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Functional traits are increasingly being used to predict extinction risks and range shifts under long‐term climate‐change scenarios, but have rarely been used to study vulnerability to extreme climatic events, such as supraseasonal droughts. In streams, drought intensification can cross thresholds of habitat loss, where marginal changes in environm...
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Arctic streams are highly sensitive to climate change due to warmer air temperature and increased precipitation associated with an encroaching low Arctic climatic zone into currently high‐Arctic coastal areas. Increases in nivation processes and permafrost degradation will lead to potential changes in stream physicochemical habitat, although these...
Article
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In a changing climate, Arctic streams are expected to show more influence from snowmelt, rainfall and groundwater, and less domination from glacial meltwater sources. Snowmelt streams are characteristic features of Arctic ecosystems, yet our current understanding of longitudinal patterns in benthic macroinvertebrate assemblages in these systems is...
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Floods have a major influence in structuring river ecosystems. Considering projected increases in high‐magnitude rainfall events with climate change, major flooding events are expected to increase in many regions of the world. However, there is uncertainty about the effect of different flooding regimes and the importance of flood timing in structur...
Article
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Future climate change throughout the Arctic is expected to increase channel stability in glacially‐influenced streams through reduced contributions from glacial meltwater and increases in groundwater. In contrast, predictions for northeast Greenland of increased precipitation for the next 100 years – including winter snowfall, which with warmer air...
Article
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Stream metabolism is a fundamental, integrative indicator of aquatic ecosystem functioning. However, it is not well understood how heterogeneity in physical channel form, particularly in relation to and caused by in-stream woody debris, regulates stream metabolism in lowland streams. We combined conservative and reactive stream tracers to investiga...
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Global change threatens invertebrate biodiversity and its central role in numerous ecosystem functions and services. Functional trait analyses have been advocated to uncover global mechanisms behind biodiversity responses to environmental change, but the application of this approach for invertebrates is underdeveloped relative to other organism gro...
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Climatic extremes are becoming more frequent and intense across much of the globe, potentially transforming the biodiversity and functioning of affected ecosystems. In freshwaters, hydrological extremes such as drought can regulate beta diversity, acting as powerful environmental filters to dictate the complement of species and functional traits fo...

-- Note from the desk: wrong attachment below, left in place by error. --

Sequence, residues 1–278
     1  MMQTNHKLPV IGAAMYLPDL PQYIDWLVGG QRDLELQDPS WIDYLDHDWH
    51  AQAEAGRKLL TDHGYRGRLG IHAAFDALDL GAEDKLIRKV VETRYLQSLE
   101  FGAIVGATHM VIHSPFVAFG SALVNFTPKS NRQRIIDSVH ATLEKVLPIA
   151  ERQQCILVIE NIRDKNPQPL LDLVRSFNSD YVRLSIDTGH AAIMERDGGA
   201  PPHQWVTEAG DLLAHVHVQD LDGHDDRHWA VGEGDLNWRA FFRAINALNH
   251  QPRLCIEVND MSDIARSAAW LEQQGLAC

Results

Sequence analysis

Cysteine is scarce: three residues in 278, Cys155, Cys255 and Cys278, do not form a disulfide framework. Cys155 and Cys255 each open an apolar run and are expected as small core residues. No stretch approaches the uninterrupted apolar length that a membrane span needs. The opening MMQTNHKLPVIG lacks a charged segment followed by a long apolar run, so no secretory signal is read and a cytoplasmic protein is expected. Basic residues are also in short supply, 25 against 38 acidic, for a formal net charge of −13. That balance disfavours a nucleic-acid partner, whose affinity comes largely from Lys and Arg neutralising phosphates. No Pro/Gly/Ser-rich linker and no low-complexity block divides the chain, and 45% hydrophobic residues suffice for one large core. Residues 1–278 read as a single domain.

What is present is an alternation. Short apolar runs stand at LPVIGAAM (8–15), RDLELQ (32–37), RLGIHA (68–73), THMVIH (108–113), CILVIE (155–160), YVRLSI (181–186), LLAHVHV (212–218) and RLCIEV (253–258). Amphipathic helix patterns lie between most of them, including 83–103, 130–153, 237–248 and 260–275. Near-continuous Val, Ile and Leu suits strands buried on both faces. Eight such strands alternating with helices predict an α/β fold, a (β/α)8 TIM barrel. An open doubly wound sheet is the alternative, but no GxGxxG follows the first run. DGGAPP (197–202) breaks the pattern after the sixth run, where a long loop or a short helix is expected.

Article
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Permafrost thaw induced by climate change will cause increased release of nutrients and organic matter from the active layer to Arctic streams and, with increased water temperature, will potentially enhance algal biomass and nutrient uptake. Although essential for accurately predicting the response of Arctic streams to environmental change, knowled...
Conference Paper
Full-text available
Mountain glaciers throughout the world are retreating; a trend that is expected to accelerate over the next several decades due to anthropogenic climate change. In some places glaciers are projected to completely disappear, while the area of frozen ground will diminish and the ratio of snow to rainfall will decrease. These changes will also affect...
Article
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Glaciers cover ∼10% of the Earth's land surface, but they are shrinking rapidly across most parts of the world, leading to cascading impacts on downstream systems. Glaciers impart unique footprints on river flow at times when other water sources are low. Changes in river hydrology and morphology caused by climate-induced glacier loss are projected...
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Thermo-erosional river bank undercutting is caused by the combined action of thermal and mechanical erosion of the permafrost by Arctic rivers whilst the overlying sediment withstands collapse temporarily. Here, we report the discovery of a large thermo-erosional tunnel that formed in the banks of a meltwater-fed stream in northeast Greenland in su...
Article
Full-text available
The cryosphere in mountain regions is rapidly declining, a trend that is expected to accelerate over the next several decades due to anthropogenic climate change. A cascade of effects will result, extending from mountains to lowlands with associated impacts on human livelihood, economy, and ecosystems. With rising air temperatures and increased rad...